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So what if the instructional approaches used in these six studies were implemented across the country? How many students would still be struggling with reading? To use each study's failure rate to estimate a failure rate for the whole population, we can multiply the percentage of students who failed to reach the 30th percentile by the percentage of at-risk students they represent. Taking the first study in Table 1 (Foorman et al., 1998) as an example, the students who received the intervention came from the 18 percent most at risk for reading failure. At the conclusion of the intervention, 35 percent of this bottom 18 percent remained weak readers. Multiplying .18 by .35 yields a population failure rate of six percent. In Table 1, these population failure estimates are reported in the column on the far right.

Although there are a number of important caveats to the estimation of population failure rates reported in Table 1 (Torgesen, 2000), one point is well established. Intervention research has not yet discovered the conditions that need to be in place to enable every child to acquire adequate word-level reading skills in early elementary school. However, research has clearly shown how to sharply reduce the number of children who leave first and second grades with weak skills. Most of the estimates reported in Table 1 suggest that between four and six percent of those children with general learning ability in the broadly normal range (above an IQ of 75) would still have weak word reading skills even if they were exposed to the effective interventions reported here.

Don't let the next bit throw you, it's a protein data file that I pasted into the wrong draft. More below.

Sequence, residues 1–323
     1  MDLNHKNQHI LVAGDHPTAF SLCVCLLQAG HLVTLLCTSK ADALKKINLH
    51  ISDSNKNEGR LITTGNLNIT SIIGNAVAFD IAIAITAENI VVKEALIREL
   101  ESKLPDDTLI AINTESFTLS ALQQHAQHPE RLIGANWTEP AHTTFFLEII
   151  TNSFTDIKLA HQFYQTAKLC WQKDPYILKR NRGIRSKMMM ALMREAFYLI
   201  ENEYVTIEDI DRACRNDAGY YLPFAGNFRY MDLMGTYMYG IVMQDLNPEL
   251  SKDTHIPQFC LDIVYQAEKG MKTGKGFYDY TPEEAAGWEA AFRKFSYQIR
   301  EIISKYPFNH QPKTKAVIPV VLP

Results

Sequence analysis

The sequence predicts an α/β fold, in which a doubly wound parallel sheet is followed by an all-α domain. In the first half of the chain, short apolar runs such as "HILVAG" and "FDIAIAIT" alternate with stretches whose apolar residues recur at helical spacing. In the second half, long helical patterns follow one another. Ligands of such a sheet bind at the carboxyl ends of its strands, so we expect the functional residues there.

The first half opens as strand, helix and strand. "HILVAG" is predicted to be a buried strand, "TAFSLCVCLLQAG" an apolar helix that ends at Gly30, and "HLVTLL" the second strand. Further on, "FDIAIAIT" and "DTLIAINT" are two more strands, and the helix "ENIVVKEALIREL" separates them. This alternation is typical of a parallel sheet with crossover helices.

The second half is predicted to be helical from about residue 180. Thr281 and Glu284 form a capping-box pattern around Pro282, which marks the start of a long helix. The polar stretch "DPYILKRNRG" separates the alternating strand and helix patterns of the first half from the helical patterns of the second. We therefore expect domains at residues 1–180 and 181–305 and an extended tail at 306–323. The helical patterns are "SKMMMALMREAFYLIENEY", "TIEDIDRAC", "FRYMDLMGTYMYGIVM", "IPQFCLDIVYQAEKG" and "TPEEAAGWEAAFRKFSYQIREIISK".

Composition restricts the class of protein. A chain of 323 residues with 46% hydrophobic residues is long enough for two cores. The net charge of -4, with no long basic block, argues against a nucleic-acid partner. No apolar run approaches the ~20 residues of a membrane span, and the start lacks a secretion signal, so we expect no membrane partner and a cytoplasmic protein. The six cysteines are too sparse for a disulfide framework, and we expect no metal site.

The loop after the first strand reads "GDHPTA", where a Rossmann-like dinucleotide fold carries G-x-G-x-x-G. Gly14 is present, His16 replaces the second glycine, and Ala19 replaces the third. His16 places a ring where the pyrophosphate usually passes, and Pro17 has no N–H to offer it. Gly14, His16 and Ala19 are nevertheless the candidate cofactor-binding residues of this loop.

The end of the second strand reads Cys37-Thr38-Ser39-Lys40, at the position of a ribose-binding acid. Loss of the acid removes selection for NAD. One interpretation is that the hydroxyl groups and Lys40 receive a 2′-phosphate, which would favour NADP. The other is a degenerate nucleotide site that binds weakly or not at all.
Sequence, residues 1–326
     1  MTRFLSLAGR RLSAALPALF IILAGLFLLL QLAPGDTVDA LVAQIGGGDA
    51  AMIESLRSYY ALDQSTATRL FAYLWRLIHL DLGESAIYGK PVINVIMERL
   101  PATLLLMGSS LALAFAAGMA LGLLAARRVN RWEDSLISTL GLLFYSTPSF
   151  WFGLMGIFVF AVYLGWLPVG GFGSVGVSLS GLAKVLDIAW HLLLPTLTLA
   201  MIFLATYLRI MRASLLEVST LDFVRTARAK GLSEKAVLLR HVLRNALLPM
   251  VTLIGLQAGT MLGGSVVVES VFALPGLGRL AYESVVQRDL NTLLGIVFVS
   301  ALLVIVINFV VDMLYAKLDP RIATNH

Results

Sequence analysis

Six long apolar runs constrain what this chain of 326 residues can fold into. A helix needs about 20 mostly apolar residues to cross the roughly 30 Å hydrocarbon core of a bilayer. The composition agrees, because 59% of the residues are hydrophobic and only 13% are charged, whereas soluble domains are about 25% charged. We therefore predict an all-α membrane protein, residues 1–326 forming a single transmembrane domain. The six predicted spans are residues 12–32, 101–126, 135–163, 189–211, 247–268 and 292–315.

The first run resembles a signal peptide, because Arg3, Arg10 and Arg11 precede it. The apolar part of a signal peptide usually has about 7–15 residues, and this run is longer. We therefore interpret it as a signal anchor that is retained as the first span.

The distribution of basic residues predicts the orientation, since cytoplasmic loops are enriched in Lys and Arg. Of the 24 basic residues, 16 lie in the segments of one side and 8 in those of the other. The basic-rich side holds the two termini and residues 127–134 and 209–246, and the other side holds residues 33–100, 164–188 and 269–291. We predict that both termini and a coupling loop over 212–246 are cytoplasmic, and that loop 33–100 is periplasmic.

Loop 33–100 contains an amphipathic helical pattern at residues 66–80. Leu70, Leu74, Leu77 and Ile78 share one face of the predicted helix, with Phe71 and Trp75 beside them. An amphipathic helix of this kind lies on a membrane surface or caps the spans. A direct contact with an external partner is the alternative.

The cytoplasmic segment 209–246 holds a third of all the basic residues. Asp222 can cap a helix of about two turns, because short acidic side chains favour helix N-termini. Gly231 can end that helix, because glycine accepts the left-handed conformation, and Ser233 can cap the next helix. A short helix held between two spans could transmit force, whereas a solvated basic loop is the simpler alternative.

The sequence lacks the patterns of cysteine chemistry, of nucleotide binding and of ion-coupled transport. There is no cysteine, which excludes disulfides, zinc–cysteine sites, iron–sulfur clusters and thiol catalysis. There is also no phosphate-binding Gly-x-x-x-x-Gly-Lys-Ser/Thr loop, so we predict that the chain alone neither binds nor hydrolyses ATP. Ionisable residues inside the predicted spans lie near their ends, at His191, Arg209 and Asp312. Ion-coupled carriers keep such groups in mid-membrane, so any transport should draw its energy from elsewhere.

As a counterpoint to this estimate of population failure rates, Scanlon, Vellutino, Small, and Fanuele (2000) recently reported a study in which the failure rate was essentially zero in the most effective condition. This condition involved a combination of small group intervention in kindergarten and one-on-one instruction in first grade, and it suggests that it may be possible to improve on past results with multilayered interventions in the early grades.